Caper for Purveyors

An iOS app for Caper purveyors that manages orders, tracks dishes, and provides data analytics to identify sales trends.



Caper | Reimagining dish discovery and empowering local purveyors.


  • Market Research
  • Information Architecture
  • UX Design
  • UI Design


  • Tablet - native iOS


  • Sketch
  • InVision
  • Illustrator
  • Photoshop


Caper for Purveyors built for our closed-beta is currently available on the App Store.

Caper selects passionate, talented purveyors and enables discovery of their signature dishes based on customer mood, taste profile, and location. We needed to build a powerful tool to help our purveyors with order management, dish tracking, and data analytics.


The Caper experience is two-pronged - dish discovery for our customers, empowerment and growth for our purveyors. After we built an app for our customers, we needed a way for our purveyors to easily receive and fulfill orders. The restaurateur life is a busy one, so our solution needed to be simple and non-intrusive.


Browser-Based Dashboard

Our CEO is a successful restaurateur with years of experience in the food and dining industry, so we started out building this purveyor-facing app based solely on his experiences and insight. With time constraints in mind, the initial solution our CTO proposed was to build a browser-based dashboard that can be used to receive and fulfill orders.

In retrospect, we should have first developed a simple prototype and tested it on actual purveyors in New York City, developing a thorough understanding of their workflow and operations first before forging ahead without true insight and user data.

We tested our browser-model with our earliest purveyors/beta-testers and quickly discovered the the limitations of the model. I put together an updated app flow and the team came up with the following solutions:

  • Issue #1: Lacking reliable order notifications due to limitations of Safari/other browsers on iPad and desktop

  • Solution → A native iOS app can give push notifications and emit a loud noise, a request that we received across the board from all purveyors. Additionally, we can route automated phone calls to the restaurant and email notifications as well.

  • Issue #2: Orders coming in are not being updated and refreshed in real-time

  • Solution → A native iOS app receives and refreshes data automatically.

  • Issue #3: Feedback loop and order status to customers is broken, resulting in customer confusion about whether their orders have been accepted and when it is ready for pick-up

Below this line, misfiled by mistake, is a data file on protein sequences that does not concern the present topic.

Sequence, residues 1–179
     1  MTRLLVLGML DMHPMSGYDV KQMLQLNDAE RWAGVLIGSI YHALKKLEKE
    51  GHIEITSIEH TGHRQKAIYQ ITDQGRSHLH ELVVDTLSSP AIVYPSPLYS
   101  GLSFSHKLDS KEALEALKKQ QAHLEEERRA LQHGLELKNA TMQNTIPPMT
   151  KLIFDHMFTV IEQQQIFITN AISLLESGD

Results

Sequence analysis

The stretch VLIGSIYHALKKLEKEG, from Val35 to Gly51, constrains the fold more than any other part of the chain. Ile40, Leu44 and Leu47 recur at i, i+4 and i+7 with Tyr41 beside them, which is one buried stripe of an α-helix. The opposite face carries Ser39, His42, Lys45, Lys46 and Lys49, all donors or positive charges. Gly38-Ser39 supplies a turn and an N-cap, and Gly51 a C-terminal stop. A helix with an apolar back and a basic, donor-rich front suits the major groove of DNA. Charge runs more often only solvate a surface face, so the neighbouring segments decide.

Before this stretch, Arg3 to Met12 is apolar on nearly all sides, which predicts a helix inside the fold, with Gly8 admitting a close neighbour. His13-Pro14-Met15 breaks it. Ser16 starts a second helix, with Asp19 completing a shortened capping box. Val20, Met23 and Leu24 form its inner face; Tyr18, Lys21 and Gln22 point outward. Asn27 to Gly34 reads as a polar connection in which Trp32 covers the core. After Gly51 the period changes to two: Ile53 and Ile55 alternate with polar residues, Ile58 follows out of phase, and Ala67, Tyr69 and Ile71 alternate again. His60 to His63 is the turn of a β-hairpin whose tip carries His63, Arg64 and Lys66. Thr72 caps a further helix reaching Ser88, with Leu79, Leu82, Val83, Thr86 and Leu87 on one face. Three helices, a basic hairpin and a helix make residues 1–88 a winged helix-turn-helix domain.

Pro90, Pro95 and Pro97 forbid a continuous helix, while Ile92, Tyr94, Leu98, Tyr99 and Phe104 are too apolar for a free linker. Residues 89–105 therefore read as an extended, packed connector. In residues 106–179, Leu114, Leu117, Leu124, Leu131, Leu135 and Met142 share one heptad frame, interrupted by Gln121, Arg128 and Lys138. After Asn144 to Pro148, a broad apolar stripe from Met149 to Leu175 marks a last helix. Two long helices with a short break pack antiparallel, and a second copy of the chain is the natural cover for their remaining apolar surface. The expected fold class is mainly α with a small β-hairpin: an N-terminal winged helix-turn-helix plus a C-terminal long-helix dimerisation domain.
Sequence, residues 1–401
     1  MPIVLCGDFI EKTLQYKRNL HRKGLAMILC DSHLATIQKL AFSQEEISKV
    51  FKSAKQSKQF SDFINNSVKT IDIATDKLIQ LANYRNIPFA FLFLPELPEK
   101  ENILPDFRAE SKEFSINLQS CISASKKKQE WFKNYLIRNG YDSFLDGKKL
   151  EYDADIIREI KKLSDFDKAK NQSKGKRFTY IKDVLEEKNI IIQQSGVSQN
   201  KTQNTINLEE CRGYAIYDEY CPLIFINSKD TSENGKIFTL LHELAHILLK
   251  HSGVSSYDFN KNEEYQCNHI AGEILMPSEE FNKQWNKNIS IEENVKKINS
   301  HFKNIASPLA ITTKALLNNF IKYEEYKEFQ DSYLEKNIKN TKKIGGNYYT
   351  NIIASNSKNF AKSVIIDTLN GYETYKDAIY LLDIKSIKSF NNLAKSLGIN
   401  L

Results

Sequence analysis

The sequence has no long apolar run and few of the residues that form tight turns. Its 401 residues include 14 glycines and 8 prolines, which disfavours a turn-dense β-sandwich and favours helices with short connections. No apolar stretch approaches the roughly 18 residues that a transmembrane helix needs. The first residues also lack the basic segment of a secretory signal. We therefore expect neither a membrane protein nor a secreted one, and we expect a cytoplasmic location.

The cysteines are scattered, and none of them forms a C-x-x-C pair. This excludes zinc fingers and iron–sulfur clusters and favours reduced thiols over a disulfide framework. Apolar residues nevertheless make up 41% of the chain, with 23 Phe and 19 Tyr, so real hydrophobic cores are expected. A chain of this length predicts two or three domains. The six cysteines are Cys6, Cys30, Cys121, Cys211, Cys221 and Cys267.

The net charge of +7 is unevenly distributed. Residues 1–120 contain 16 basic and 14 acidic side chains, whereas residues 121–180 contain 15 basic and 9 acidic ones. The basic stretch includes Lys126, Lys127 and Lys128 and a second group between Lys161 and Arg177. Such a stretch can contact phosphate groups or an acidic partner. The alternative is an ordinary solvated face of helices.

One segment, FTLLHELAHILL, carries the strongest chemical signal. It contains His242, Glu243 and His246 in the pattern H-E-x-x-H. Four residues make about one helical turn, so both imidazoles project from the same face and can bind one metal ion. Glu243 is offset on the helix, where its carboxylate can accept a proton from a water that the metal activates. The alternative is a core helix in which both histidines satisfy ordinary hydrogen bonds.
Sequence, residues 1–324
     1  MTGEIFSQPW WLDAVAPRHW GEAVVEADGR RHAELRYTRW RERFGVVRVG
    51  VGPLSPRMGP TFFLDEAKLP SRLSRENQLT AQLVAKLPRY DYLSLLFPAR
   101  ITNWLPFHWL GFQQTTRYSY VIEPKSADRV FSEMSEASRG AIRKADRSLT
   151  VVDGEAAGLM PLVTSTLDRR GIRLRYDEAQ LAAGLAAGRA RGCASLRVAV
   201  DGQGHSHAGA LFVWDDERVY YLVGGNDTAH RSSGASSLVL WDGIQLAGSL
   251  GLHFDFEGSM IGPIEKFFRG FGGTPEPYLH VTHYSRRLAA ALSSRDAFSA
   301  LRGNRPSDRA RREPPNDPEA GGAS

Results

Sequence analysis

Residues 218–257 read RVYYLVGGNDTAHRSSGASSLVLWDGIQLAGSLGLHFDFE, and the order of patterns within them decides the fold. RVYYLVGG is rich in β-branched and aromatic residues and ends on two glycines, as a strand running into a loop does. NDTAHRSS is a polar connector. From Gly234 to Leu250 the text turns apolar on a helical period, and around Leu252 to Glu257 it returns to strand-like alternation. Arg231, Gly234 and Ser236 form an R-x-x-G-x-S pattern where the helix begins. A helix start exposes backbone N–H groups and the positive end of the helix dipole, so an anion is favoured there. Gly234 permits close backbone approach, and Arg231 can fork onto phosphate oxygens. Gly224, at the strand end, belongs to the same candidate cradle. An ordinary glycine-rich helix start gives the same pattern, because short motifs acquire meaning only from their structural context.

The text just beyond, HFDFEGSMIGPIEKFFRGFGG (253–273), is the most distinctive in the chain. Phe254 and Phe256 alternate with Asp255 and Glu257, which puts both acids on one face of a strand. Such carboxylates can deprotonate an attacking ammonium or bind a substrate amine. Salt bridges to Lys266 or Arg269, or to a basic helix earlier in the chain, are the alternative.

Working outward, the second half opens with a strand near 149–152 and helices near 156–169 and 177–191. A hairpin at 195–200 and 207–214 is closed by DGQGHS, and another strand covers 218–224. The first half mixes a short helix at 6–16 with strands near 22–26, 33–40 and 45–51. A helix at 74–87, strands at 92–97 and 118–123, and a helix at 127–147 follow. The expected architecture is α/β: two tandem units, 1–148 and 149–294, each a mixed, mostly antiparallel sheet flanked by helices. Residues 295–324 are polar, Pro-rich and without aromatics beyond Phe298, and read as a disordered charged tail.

• Solution → An updated app flow can provide a cleaner, better solution for both purveyors and customers.

  • Issue #4: Some purveyors don’t want additional hardware (iPad) cluttering up their space

  • Solution → A native iOS app can be downloaded onto their existing iPads or iPhones.

App-Based Dashboard

Based on the above research, we concluded that the most efficient and sensible way forward was to build a native iOS app for our purveyors. For the app, I put together wireframes and an InVision prototype to test with our purveyors. Our target user base is restaurant owners who are busy, generally not tech-savvy, and always on a time-crunch. They needed something that was easy to use, extremely simple to navigate, and attention-grabbing in a loud, noisy atmosphere.

We put together a design that was clean, clutter-free, and had all the necessary information for each order. Next, we needed to A/B Test order fulfillment button:

#1 - A/B Test: Button vs. Swipe

The giant button design was to make it quick and obvious for busy restaurant staff to accept an order, but the swipe function is a standard iOS gesture that also makes it easier to be used across all devices. We did a quick test with restaurant owners and found that while older restaurateurs understood the button design intuitively, they also picked up quickly on the swiping after minimal instruction. To minimize confusion, we included instructions in the app itself (“Swipe to accept / Swipe to reject”)



The gallery below shows the first version of the iOS app for Caper purveyors.